Assessing the damage by Trevor Plumbly
We all gather bits and pieces around us albeit for different reasons: as reminders, as a result of the lure of collecting or because of the somewhat false security of being surrounded by a lot of stuff. Pam and I qualify on all counts; most of our shelves are filled with stuff ranging from pure tat to quite valuable nick-nacks, some with a story attached, others just fixtures.
My early years were spent in homes that didn’t have ornaments so it’s natural, to me anyway, that I’m a bit overprotective towards the breakable bits in our little hoard, which, as every grandparent knows, remain reasonably safe until the little infants grow to be perfectly normal kids, energetic, curious and, of course, careless.
Looking round somewhat wistfully (wistful seems easier lately) is like an emotional stocktake. A pair of 1950s iron ashtrays with aeroplanes attached; a gift from our son Ben when he was around six, absolutely priceless and indestructible, definitely lower shelf, along with several antique paper knives, small silver boxes and a few guilt-ridden gifts, lacking in use or ornament but essential in case ‘they’ visit. We then move up beyond youthful reach to a Georgian silver inkstand that brings back thoughts of tea/business visits to a wonderful elderly lady along with some good examples of early 20th Century English Lustre porcelain of no emotional value but too fragile for close range. There are little gifts to and from each other with a now half-forgotten story. Then tucked away, almost hidden, is a small air twist ale glass from around 1760, a gift from a treasured friend; this, I decided, deserves to live beyond my ownership and has been moved up a shelf. It’s all a bit too clinical this exercise, so I’ve decided wistful is the happier way to go.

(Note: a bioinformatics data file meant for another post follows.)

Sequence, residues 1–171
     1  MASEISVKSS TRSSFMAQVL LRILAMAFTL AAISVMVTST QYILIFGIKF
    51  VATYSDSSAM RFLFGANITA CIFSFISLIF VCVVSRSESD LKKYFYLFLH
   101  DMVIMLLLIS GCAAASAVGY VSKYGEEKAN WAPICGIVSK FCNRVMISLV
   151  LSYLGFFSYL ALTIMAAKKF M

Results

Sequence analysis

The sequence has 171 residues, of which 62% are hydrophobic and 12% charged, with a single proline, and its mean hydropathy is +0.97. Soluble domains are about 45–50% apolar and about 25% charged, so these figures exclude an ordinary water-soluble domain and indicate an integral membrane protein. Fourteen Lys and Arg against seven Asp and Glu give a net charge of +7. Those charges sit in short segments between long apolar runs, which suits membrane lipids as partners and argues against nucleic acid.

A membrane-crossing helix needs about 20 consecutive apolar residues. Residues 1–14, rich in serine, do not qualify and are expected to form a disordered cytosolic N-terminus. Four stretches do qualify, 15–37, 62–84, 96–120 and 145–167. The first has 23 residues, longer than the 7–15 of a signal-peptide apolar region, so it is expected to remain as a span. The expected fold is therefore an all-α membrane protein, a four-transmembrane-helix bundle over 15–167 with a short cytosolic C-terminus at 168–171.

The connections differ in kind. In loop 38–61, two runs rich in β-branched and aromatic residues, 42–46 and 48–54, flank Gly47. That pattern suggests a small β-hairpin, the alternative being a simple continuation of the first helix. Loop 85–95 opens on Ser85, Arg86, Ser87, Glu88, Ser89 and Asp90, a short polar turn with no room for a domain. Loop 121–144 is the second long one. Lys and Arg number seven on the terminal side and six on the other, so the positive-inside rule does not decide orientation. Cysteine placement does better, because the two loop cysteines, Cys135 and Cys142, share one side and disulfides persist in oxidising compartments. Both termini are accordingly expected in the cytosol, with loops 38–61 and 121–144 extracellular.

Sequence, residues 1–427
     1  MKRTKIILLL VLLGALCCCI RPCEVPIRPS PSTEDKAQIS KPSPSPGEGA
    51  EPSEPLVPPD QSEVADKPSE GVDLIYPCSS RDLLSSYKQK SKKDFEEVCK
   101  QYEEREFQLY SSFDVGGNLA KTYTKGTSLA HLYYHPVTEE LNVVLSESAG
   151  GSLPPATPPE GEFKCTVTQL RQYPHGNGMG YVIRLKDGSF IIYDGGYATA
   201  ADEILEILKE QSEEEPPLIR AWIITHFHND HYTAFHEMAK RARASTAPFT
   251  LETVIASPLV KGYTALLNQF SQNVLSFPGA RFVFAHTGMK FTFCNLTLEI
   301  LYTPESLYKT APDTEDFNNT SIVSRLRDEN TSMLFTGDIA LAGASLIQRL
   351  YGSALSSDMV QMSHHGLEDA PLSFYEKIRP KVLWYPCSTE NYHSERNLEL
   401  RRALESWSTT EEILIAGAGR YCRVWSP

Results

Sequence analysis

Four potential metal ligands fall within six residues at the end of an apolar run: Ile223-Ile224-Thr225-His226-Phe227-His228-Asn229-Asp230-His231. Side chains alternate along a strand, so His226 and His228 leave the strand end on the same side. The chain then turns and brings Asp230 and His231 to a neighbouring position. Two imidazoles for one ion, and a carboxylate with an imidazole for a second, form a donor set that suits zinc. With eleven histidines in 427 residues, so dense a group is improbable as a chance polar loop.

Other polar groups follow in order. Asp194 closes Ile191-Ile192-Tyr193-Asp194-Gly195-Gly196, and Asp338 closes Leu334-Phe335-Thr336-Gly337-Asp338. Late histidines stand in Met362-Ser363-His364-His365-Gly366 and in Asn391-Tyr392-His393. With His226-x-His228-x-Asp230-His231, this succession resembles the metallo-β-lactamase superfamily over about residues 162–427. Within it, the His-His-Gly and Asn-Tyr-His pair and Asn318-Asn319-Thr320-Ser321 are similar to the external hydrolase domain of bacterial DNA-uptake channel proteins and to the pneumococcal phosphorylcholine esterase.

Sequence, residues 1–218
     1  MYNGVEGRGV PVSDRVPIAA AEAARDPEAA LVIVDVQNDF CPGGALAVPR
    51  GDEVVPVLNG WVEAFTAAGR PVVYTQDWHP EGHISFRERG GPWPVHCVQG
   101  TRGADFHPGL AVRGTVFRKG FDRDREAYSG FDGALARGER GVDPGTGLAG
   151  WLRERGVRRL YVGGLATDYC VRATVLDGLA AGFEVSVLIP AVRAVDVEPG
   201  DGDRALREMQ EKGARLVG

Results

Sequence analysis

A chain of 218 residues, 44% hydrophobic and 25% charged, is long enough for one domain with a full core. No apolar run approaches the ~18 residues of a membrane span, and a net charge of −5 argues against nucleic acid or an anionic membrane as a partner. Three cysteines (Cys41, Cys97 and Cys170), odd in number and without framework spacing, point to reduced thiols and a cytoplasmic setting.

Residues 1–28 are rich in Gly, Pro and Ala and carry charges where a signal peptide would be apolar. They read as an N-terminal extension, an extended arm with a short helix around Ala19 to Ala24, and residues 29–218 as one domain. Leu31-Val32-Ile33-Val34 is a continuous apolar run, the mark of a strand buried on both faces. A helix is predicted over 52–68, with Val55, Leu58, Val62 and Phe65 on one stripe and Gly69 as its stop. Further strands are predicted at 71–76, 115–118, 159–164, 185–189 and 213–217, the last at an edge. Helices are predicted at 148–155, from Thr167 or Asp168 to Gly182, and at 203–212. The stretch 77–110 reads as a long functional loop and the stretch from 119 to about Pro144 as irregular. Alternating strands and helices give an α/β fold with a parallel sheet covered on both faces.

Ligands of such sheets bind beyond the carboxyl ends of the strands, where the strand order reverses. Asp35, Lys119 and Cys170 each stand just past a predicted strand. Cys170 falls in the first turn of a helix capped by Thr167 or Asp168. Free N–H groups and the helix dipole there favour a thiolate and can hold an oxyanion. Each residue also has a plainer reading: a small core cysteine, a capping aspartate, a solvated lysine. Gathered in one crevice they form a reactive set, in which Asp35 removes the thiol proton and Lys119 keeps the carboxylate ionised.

This plea, quietly offered to grandson number one, is scarcely necessary: he is non-exploratory, dwelling in a largely stationary world, populated by books and electronic beeps. Grandson number two, however, seems to have an aversion to anything that hampers movement: chairs, for him, only exist as a means of getting closer to food. ‘Active’, is perhaps the kindest description for him; outside he kicks or throws depending on the season, he skateboards, bikes, scooters and climbs most stationary structures. Inside, the enthusiasm threatens all things bright and breakable, so it’s aged restraint versus explosive enthusiasm. Wistful is OK but it don’t stand much chance against a seven year old human time-bomb. I’d write more on this for the benefit of all grandparents, but I need the time to create more space on the top shelves.